I’ve got milk supply problems, now what?
January 20, 2015
You're worried that you might have low milk supply. What do you do now?*
First, make sure that supply is really the issue. Since there are many things that can make your supply seem low when it isn't, it's important to figure out if supply is really the problem.
In The Breastfeeding Mother's Guide to Making More Milk, Diana West and Lisa Marasco explain the “milk supply equation” to explain what's necessary to make enough milk. A lactation consultant can help you figure out which of the parts of this equation might be causing you to not produce enough milk.
Milk Supply Equation - Copyright © Lisa Marasco
Sufficient lactation tissue
+ Intact nerve pathways and ducts
+ Adequate hormones and hormone receptors
+ Adequately frequent, effective milk removal and stimulation
= Good milk production
Third, take action to increase your supply, enlisting the support of a lactation consultant as necessary. According to the Academy of Breastfeeding Medicine,** this usually means starting with improving the effectiveness of breastfeeding. So start with making sure you are addressing these basics:
- Frequent feeding (at least 8-12 times in 24 hours)
- Unrestricted feeding (on cue, with no predetermined time limits)
- Optimal latch (one that allows for maximum milk removal and no pain to the mother)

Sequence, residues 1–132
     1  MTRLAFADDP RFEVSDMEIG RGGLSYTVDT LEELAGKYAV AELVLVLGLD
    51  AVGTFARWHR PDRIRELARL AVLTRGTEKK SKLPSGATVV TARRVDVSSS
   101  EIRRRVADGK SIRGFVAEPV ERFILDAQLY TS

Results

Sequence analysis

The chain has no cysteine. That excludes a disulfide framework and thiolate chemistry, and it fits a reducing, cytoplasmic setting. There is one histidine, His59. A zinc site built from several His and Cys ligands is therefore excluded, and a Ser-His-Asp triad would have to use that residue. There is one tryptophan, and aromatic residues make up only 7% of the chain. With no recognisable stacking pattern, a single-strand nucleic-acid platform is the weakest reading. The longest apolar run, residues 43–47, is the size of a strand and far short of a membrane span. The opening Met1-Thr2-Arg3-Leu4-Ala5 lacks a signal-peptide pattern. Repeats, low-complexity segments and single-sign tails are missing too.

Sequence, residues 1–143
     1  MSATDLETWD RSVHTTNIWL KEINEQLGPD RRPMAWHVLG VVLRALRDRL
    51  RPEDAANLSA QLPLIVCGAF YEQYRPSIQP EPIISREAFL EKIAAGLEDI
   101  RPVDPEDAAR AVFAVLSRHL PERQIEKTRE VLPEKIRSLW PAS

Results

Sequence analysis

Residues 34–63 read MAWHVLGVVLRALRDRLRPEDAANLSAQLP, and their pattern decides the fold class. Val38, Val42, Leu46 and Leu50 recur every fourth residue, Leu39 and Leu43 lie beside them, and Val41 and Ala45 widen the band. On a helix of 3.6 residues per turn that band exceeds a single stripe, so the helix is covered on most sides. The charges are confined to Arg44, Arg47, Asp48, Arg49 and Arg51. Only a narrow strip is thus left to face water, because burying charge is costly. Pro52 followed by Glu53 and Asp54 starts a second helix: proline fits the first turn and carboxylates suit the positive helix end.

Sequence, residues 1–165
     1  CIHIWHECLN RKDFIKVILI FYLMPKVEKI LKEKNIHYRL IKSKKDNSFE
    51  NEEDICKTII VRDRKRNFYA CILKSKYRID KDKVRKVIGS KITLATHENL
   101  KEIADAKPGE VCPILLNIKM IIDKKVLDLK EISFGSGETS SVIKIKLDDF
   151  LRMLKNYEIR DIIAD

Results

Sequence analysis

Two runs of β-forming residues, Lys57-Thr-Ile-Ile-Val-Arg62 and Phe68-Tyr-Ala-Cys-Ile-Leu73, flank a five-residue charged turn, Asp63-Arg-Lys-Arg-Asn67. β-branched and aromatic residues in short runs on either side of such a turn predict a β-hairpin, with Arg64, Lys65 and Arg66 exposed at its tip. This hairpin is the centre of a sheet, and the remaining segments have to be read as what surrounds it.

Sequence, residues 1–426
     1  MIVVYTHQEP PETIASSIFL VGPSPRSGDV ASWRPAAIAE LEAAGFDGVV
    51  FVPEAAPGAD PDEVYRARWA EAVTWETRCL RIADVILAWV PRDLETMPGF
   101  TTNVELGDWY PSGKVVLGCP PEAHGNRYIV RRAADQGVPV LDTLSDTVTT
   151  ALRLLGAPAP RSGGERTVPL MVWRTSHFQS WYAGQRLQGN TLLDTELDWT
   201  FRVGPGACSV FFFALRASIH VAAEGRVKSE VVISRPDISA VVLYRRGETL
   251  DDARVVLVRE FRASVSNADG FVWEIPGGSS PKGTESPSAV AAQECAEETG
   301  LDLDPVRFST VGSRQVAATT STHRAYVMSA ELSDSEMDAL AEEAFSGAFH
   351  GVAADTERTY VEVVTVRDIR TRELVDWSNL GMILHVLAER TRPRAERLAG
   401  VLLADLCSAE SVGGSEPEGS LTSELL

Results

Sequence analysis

Then, if necessary, move on to these physical measures to increase your milk supply, as recommended in The Breastfeeding Mother's Guide to Making More Milk:
- Increasing the number of feedings
- Breast compression
- Pumping after feedings
- Skin-to-skin contact
- Milk ejection stimulation
If you've tried these measures and still need more help, consider a galactagogue (a supplement which supports milk supply) such as the ones we make here at Motherlove Herbal Company. For our supplements we use only certified organic herbs, which means they are produced without pesticides or toxins, and are free of GMOs.
Motherlove makes many supplements for you to choose from. So, which one is right for you?
More Milk Plus is Motherlove’s most popular product. It contains fenugreek, blessed thistle, nettle, and fennel seed. Fenugreek is the herb most recommended by lactation consultants for increasing breast milk supply; this combination helps most women support their supply within 24-48 hours. Available in a grain alcohol or alcohol-free liquid extract; and as a liquid extract concentrate in vegetarian capsules. Not for use during pregnancy.
More Milk Special Blend contains the herbs in More Milk Plus blended with goat’s rue, an herb that helps to build mammary tissue. Specially-formulated at the request of lactation consultants, this product can help support breast milk supply for women who have PCOS (polycystic ovarian syndrome), did not see an increase in breast size during pregnancy, have had previous breast surgeries, or for adoptive mothers. Available in a grain alcohol or alcohol-free liquid extract and as a liquid extract concentrate in vegetarian capsules. Not for use during pregnancy.